1.  Tznius.  A person simply does not realize the effects of his non-Tznius behavior.  What will be the effect on the person he/she didn’t even see or know about?  It is for this reason that chas veshalom the punishment can be so severe.  Tznius applies not only to women and older girls, but to men, boys and younger girls as well.  Family members and friends (and especially the heads of households) are responsible and duty bound to guide their relatives and friends in these areas which so distinguish and set apart the Jewish way of life.

 

2.  The Value of a Smile.  Rabbi Cohen suggested the following analogy.  If an employer has to choose between the continued employ of only one of two employees of equal capability, he would choose the one who greeted potential customers pleasantly and with a smile.  This employee is a much better representative of the employer and what he represents.  Hashem wants us to project a Sever Ponim Yafos to all--it is a chesed to all around us who benefit from the goodness--and may be the ultimate chesed to ourselves--as we remain in the employ of the greatest Boss of all!

 

 

=======================

3 Elul

 

SUMMER IMPROVEMENT PROGRAM!

WEEK 10--PARASHAS SHOFTIM

 

Bli neder, at least one time today, consciously do the following:

 

Bein Adam LaMakom:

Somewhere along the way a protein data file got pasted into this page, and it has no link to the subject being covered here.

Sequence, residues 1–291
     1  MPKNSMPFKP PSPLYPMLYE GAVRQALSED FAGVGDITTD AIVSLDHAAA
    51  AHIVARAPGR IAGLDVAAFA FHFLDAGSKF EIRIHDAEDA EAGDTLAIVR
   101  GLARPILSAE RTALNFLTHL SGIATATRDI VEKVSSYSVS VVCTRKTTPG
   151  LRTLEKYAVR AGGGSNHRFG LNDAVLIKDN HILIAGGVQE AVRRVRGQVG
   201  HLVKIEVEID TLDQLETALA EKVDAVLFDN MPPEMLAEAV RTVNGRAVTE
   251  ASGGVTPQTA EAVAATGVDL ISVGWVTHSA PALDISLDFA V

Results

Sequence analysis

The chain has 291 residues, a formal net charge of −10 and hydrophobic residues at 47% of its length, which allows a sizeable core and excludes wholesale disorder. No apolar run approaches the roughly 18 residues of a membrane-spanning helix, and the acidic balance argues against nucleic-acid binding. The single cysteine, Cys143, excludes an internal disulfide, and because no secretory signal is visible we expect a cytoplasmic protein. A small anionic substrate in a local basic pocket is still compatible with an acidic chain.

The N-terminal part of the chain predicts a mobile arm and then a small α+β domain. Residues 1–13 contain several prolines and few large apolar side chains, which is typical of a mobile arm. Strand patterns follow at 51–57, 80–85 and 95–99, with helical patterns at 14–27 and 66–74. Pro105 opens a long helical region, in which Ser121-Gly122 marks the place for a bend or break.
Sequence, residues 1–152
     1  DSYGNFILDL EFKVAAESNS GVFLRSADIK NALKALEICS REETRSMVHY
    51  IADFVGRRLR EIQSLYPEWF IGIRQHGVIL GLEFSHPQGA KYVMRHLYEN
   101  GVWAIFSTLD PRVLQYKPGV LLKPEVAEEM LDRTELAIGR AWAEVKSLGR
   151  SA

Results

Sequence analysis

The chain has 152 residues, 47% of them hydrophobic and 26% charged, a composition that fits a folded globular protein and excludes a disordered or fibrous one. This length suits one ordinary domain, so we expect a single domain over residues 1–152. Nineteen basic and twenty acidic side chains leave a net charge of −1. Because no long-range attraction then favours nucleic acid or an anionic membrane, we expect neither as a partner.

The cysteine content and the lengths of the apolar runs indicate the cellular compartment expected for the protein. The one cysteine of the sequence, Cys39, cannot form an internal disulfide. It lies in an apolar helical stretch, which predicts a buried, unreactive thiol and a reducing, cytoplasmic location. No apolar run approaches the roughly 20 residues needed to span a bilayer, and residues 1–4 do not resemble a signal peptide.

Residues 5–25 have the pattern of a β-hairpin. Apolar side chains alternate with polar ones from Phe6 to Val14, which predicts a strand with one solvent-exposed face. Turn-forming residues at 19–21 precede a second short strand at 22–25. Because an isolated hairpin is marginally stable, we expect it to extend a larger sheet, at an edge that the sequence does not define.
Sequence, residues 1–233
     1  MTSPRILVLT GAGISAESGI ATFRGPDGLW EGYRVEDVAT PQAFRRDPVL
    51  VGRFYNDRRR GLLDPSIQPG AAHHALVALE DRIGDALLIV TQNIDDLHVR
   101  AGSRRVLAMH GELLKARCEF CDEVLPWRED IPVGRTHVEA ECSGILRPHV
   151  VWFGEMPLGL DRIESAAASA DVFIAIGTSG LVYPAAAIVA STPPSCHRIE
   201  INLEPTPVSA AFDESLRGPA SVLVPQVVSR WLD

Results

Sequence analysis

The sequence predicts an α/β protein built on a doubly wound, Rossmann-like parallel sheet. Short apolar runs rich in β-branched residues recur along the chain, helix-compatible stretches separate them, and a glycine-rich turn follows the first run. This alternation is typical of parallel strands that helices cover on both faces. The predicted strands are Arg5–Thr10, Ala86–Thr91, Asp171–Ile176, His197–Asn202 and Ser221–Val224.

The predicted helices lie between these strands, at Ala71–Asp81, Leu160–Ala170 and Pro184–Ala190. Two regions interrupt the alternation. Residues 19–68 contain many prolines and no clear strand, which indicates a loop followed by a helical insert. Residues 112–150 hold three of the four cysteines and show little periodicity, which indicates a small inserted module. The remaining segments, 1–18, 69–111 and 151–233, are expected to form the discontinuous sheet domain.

Our relationship to Hashem is that of son to a father. A loving and dedicated son would want to do that which his father would appreciate most. Chazal teach V’Salmud Torah K’neged Kulam--in Hashem’s eyes, the Mitzvah of Talmud Torah can be weighed against all of the other Mitzvos. Indeed, in the bracha of Teshuvah in Shemone Esrei, we first recite Hashiveinu Avinu L’Sorasecha--and only then V’Karveinu Malkeinu La’avodasecha. Accordingly, if we are to improve our relationship with Hashem during this month, we must take some action in Torah. But what can we do--what can we accomplish--after all, the Torah is so vast and there is only HaRav Chaim Kanievsky, Shlita?! Shlomo HaMelech, the wisest of all men, gives us the answer--as he teaches in Mishlei (17:24): “Ve’einei Kesil Biketzei Eretz--a fool’s eyes are in the ends of the earth.” Rashi (ibid.) explains that it is the fool who exclaims: “How can I learn Mishnayos of Mesechta Shabbos when there are 24 Perakim, or the Mishnayos of the Mesechta Keilim when there are 30 Perakim?” To the wise person--it is easy, for he says: “Today, I will learn a little, tomorrow I will learn a little…until I accomplish one goal after the other.” Set a goal for learning this month--and accomplish it! For one possibility, we provide the next headnote.